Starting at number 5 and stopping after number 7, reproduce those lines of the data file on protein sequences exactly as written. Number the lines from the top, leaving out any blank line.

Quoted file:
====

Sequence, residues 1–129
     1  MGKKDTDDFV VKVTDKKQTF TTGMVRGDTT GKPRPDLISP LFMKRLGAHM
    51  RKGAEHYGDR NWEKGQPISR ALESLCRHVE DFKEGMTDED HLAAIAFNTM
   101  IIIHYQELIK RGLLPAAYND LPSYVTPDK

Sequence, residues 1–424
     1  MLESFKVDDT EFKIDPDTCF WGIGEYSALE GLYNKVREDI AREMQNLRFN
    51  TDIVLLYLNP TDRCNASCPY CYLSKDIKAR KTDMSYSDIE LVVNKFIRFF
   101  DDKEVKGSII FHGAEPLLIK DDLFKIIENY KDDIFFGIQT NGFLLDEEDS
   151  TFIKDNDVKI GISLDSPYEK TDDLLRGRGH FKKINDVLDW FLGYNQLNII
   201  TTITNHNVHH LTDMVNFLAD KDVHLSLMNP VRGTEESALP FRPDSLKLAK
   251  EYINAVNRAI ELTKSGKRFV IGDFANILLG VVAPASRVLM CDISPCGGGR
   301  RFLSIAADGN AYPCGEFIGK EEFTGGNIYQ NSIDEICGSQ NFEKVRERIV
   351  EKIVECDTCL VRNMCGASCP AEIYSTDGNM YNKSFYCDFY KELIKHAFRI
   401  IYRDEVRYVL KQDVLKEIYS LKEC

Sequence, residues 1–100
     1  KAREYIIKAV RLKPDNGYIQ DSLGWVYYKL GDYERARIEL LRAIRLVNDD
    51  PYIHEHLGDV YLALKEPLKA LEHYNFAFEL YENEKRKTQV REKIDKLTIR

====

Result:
Sequence, residues 1–424
     1  MLESFKVDDT EFKIDPDTCF WGIGEYSALE GLYNKVREDI AREMQNLRFN
    51  TDIVLLYLNP TDRCNASCPY CYLSKDIKAR KTDMSYSDIE LVVNKFIRFF